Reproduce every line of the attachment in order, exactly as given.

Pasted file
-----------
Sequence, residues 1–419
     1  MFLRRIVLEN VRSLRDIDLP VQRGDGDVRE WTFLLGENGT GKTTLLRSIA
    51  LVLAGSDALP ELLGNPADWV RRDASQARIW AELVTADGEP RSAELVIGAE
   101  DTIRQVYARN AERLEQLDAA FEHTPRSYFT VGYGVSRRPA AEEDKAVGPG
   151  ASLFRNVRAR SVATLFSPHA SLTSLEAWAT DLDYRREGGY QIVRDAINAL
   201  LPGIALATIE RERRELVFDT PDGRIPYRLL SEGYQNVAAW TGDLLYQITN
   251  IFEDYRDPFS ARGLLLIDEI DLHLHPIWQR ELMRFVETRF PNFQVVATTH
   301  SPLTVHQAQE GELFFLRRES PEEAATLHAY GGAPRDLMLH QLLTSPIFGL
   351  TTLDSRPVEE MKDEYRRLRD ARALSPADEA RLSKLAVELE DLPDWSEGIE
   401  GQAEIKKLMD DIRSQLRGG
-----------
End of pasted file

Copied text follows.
Sequence, residues 1–419
     1  MFLRRIVLEN VRSLRDIDLP VQRGDGDVRE WTFLLGENGT GKTTLLRSIA
    51  LVLAGSDALP ELLGNPADWV RRDASQARIW AELVTADGEP RSAELVIGAE
   101  DTIRQVYARN AERLEQLDAA FEHTPRSYFT VGYGVSRRPA AEEDKAVGPG
   151  ASLFRNVRAR SVATLFSPHA SLTSLEAWAT DLDYRREGGY QIVRDAINAL
   201  LPGIALATIE RERRELVFDT PDGRIPYRLL SEGYQNVAAW TGDLLYQITN
   251  IFEDYRDPFS ARGLLLIDEI DLHLHPIWQR ELMRFVETRF PNFQVVATTH
   301  SPLTVHQAQE GELFFLRRES PEEAATLHAY GGAPRDLMLH QLLTSPIFGL
   351  TTLDSRPVEE MKDEYRRLRD ARALSPADEA RLSKLAVELE DLPDWSEGIE
   401  GQAEIKKLMD DIRSQLRGG